Devin Allen Captures Baltimore’s Everyday Joy and the Pain of Freddie Gray’s Death in ‘A Beautiful Ghetto’

By Sameer Rao Sep 12, 2017

When Devin Allen decided to shoot scenes from his hometown of Baltimore, Maryland, he didn’t suspect that they would turn into a book. "The book came together beautifully, but it was never the plan," he tells Colorlines. "It just so happens that I had a big enough catalog of stuff from just hanging outside every day, shooting and being around my peers." That book, "A Beautiful Ghetto," debuts via Haymarket Books today (September 12). 

Some of Allen’s catalog became famous in 2015, when anger about the Baltimore police killing of Freddie Gray turned into unrest that pitted its Black residents against local police in riot gear and their federal allies. One of Allen’s photos landed on Time‘s May 2015 cover, making him only the third amateur photographer to do so in the magazine’s nearly hundred-year history. Publications including New York Magazine and The Washington Post also ran his work, giving readers around the world a glimpse into how Black Baltimoreans resisted racist policing in their neighborhoods. "A Beautiful Ghetto" features many of those photos in tandem with scenes of everyday life. Here are five images from "A Beautiful Ghetto" and the stories behind them. 


"This image shows Kevin Moore, almost a month after the uprising, when everything was settling down. That was my first time ever doing [official] photojournalism, and Time asked me to find him and write about his story. He was arrested for recording Freddie Gray’s arrest and releasing that video, and he helped set up Copwatch. He’s probably one of the most iconic people that will always be remembered as part of the uprising, and he lived in [Gray’s residence] Gilmor Homes and knew Freddie Gray."


"That whole day was powerful. That was from the week after the uprising. We marched a couple of blocks to City Hall. It was raining, but the whole community was out there. I was actually standing on a podium where people were speaking, just shooting. And I just saw this kid who, when the speakers were speaking, was so engulfed. He had this look on his face like he could feel every single word coming out of the speaker’s mouth. I was shooting with little 35mm lens, and usually I have to get closer to get the shots that I want. And I try not be seen because I hate to [interrupt these intimate] moments. But he was so in tune with the speakers, he didn’t even notice that I walked up, crouched down and snapped the photo. It was so powerful, because we have to teach our kids so young on how to interact with the police. At his age, I learned, ‘Don’t talk back to the police, make sure they can see your hands, and avoid them,’—that’s the first step to your defense, is to not come in contact with them."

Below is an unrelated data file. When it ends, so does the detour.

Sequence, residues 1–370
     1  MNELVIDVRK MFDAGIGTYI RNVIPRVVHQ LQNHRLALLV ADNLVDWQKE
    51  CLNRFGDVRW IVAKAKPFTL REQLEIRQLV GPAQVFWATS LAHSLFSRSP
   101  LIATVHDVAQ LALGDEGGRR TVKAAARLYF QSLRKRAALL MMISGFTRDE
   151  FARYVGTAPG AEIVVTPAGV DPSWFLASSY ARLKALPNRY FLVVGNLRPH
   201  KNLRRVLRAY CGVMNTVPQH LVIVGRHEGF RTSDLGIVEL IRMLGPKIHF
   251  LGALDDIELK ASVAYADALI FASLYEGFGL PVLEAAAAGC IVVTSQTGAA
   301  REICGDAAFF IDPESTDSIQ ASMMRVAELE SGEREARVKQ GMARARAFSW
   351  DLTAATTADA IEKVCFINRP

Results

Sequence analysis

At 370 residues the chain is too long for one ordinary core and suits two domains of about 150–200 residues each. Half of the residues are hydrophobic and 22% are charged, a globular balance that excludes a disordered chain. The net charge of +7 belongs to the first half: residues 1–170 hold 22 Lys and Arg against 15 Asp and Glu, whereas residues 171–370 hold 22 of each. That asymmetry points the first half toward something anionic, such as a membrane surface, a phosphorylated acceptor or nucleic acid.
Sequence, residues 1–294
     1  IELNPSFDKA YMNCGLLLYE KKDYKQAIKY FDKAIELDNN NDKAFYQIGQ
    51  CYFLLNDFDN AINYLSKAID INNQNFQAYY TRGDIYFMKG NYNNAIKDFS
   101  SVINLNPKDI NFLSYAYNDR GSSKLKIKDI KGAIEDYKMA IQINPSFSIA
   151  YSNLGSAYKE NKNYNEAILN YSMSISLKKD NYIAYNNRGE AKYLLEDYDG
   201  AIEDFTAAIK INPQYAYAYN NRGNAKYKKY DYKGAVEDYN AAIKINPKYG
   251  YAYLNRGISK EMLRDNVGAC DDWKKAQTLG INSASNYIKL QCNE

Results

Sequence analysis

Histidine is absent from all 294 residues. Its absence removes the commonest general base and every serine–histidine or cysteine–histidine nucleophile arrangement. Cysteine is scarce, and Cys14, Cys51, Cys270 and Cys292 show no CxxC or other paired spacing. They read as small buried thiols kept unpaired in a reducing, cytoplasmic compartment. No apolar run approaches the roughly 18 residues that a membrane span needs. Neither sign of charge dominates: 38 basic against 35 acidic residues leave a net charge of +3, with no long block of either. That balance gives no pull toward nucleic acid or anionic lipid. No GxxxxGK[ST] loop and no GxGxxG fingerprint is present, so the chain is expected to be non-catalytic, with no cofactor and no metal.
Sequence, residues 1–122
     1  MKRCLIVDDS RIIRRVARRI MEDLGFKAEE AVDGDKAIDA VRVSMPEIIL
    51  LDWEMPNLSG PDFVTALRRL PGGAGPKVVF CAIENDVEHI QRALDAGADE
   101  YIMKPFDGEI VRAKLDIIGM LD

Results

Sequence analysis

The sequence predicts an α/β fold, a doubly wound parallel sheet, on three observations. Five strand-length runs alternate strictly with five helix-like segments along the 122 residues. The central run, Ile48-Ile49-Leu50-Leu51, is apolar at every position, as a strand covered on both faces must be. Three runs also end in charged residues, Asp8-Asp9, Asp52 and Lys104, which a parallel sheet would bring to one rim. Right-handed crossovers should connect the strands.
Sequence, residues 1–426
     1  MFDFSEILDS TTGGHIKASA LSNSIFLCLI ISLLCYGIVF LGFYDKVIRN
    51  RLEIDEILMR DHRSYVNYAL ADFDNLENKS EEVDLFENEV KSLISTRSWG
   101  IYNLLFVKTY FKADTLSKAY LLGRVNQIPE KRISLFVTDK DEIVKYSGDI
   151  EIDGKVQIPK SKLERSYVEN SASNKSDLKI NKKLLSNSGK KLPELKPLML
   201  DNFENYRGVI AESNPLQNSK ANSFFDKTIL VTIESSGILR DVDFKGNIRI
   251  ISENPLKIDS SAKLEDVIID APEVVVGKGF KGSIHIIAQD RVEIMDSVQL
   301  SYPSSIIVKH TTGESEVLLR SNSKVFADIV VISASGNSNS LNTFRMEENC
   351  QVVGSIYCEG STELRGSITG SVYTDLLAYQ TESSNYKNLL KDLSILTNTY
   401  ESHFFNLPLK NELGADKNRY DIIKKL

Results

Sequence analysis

"That’s the Time cover. People say that it must be my favorite photo, but it’s not. I didn’t think anything of it. Ninety percent of this book was shot in black and white, with no edits, post-processing, nothing. A lot of people don’t know the reason why my photos were going viral so fast—that I was mass-producing in real time. I shot that photo while the police were charging, I sent it to my phone, tweeted it, posted it on Instagram and then kept shooting. I just thought it was a dope picture. Next thing I knew it went viral."


"That photo was taken on Hollins Street. In Baltimore, there’s a store called City of Gods. It’s a clothing store but also a spot where you can always feel safe. That same street is where I started as  photographer; I took some of my first photographs on that block. I used to have a poetry night there with my friends back in 2011 and 2012, and that’s what actually got me interested in photography. In this picture are three of my homeboys. We were just chilling outside. On a nice day in Baltimore, everybody brings their toys out—dirt bikes, four-wheelers, and my friend came through in a three-wheeled car thing. The one in a jean jacket, standing, is one of my friends who grew up in Gilmor Homes with Freddie Gray. That’s how small Baltimore is. I love that image because it shows one of those good, tranquil moments that we have in Baltimore that people don’t talk about. Those moments keep us cushioned. I wanted to show in the book that although Baltimore’s a very tough place, we have a lot of kindred spirits and love here."


"That’s another one of my favorite photos. My friend Rico, who was killed in December, was friends with Freddie Gray. He was talking on a bullhorn [during a demonstration], and this police officer’s eyes were watering. He had just snapped his helmet on, and he was listening to Rico expressing the pain of losing Freddie in the way we did. He was asking the cops, ‘Why do you hate us?’ A lot of people saw this image and said, ‘Oh, that cop has allergies, he’s not really tearing up.’ But I was there and he was crying. When Rico began to talk, the words were so powerful. When you’re a Black cop, you got to understand what that does to your psyche. You can see that in his eyes. You’re on the job with the blue gang, but at the end of the day, you have to live with how it conflicts with your soul when you’re listening to a brother—with the same melanin that you have—asking why you hate them. The same things can happen to you when you take off that uniform." 

Visit to purchase "A Beautiful Ghetto." New York residents can see Allen’s photos during a September 15 exhibit at The Gordon Park Foundation, where Allen is a 2017 fellow.